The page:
Emery’s search led her to Anthony Miller, who used to run a museum out of Kennedy’s Florida bunker. Known as the Palm Beach Maritime Museum, the venue featured a mix of objects from the bunker itself—including a ham radio, ashtrays, gas masks and a rocking chair—and miscellaneous artifacts connected to the president. The museum shuttered in 2017 following “years of disagreements” with the Port of Palm Beach, which owns Peanut Island, “and concerns over the … condition of the property,” per local news outlet WPTV. Though the site remains closed, Palm Beach County, which took control of the bunker after Miller’s lease ended, hopes to reopen it to the public within the next few years.
When Emery reached out to Miller, she learned he was similarly interested in speaking with Nantucket officials. After all, his museum’s collection, which includes cans of water, Geiger counters, bunk beds and K-rations from the Nantucket shelter, was in need of a new home.
Eventually, Miller would love to start a Nantucket bunker museum and bring some of his artifacts back to their original home. Robert McNeil, former director of Nantucket’s Department of Public Works, also hopes a bunker museum comes to fruition. “This is an opportunity to unveil a bit of history,” he says. “And it’s tied to the Kennedy legacy, even if [the president] never visited it himself.”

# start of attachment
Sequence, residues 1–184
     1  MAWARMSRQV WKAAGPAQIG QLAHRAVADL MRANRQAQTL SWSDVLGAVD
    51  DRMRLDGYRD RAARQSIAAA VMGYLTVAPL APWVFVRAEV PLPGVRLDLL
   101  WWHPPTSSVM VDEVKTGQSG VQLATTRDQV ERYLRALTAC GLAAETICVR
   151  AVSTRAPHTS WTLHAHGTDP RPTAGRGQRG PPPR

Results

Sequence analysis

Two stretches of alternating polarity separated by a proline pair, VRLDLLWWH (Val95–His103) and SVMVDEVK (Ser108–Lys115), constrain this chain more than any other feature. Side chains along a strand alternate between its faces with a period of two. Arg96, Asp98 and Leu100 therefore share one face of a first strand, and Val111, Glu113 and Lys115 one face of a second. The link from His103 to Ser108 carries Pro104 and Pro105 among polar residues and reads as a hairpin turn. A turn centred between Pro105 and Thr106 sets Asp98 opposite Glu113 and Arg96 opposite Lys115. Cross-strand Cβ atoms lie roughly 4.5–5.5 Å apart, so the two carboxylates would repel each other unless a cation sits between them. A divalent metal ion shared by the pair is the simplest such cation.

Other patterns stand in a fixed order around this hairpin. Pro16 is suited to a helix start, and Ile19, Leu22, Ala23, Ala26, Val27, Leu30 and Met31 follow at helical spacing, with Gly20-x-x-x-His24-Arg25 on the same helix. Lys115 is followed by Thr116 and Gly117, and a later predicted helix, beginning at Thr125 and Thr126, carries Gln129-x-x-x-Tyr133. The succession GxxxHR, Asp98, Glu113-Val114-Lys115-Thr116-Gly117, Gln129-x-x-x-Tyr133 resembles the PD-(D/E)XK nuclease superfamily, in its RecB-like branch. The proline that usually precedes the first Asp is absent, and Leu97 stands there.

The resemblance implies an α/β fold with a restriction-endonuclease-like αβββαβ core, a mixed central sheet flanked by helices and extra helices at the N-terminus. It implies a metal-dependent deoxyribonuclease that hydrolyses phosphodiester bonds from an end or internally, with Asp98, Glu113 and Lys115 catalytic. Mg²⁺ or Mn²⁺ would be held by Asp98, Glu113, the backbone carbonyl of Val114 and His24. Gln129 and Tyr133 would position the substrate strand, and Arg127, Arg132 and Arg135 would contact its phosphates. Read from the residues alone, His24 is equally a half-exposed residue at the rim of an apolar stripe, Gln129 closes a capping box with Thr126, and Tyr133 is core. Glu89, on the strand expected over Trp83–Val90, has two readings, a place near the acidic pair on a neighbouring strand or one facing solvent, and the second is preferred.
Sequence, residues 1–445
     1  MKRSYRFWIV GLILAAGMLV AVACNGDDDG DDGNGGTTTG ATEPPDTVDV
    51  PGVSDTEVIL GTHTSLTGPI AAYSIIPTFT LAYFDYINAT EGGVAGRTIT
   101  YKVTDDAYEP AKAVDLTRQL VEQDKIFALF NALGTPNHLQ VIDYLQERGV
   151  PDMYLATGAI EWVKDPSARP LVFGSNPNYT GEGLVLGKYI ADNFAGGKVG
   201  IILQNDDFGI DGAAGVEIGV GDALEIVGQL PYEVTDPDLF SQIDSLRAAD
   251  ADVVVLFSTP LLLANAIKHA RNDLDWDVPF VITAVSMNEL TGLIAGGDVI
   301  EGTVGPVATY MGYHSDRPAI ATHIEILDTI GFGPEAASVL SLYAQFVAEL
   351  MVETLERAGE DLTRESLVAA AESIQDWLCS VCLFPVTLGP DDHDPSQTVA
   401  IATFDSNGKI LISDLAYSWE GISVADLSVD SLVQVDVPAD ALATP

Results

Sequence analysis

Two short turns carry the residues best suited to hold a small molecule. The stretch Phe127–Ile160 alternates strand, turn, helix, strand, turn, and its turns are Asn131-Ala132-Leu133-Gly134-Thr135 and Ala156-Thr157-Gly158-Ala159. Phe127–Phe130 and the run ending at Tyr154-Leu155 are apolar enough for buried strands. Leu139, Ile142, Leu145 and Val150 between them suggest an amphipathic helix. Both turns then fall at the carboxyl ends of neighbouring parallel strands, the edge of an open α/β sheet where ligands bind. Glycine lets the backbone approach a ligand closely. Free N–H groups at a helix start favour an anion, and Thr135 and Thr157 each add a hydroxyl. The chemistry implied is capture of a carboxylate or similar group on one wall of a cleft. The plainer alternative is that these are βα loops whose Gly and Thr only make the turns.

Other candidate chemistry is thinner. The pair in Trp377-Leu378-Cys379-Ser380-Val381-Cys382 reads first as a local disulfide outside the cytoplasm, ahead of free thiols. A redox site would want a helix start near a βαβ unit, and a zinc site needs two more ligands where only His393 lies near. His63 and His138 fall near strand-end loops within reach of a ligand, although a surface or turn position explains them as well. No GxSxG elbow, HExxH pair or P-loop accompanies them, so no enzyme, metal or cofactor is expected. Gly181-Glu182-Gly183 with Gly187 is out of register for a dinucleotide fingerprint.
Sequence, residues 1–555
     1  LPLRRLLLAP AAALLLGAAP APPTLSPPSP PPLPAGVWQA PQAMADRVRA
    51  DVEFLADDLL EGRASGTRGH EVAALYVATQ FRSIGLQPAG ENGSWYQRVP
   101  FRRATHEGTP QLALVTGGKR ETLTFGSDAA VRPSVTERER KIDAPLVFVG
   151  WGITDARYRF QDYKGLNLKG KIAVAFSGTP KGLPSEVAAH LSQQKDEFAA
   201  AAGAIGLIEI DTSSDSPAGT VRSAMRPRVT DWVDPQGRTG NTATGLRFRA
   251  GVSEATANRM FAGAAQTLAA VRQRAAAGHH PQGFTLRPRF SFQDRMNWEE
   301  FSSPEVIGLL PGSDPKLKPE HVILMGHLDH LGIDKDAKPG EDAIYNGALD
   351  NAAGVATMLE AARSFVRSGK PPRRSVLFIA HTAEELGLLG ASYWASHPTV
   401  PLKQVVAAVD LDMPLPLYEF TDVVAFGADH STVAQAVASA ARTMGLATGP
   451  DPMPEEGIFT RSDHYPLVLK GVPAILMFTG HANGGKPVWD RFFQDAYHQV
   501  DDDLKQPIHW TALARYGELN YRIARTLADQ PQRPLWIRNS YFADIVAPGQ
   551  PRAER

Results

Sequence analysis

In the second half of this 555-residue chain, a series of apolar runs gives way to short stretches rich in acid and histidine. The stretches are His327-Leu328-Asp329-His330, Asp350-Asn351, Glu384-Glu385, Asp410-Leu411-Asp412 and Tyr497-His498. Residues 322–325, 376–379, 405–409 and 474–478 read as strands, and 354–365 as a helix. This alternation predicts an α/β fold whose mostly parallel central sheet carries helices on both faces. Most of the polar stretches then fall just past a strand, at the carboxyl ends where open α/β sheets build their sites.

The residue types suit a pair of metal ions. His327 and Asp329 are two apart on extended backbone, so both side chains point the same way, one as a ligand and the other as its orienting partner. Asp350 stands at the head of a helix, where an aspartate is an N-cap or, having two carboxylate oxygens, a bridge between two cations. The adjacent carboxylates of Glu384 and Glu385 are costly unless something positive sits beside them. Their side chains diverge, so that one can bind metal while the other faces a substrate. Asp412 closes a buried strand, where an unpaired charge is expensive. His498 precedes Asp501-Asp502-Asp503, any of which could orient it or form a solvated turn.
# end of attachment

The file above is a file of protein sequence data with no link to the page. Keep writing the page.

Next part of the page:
In November 2020, the Town of Nantucket approved the rejuvenation project spearheaded by Emery as part of its parks and recreation master plan. The pandemic placed this plan’s implementation on hold, but officials hope to resume work at Tom Nevers Park in the next three to five years. The town will not, however, manage the bunker specifically. In a statement to Smithsonian magazine, staff said the town “does not have the resources to manage or maintain something like that, and it is not a priority use at the site.”
Miller has visited Nantucket and had several meetings related to managing a museum on the site. But he says “politics” are preventing the project from moving forward. Emery is similarly frustrated, adding, “Many other facilities on the island are leased out, so I don’t see why the bunker couldn’t be.”
Percelay emphasizes the importance of preserving the site before it falls into an even more dilapidated state.
“This wouldn’t be just for students of history, but rather would serve as a somber reminder of the toll of international conflicts,” he says. “Nantucket has this amazing Cold War connection, and this piece of history is on the verge of disappearing.”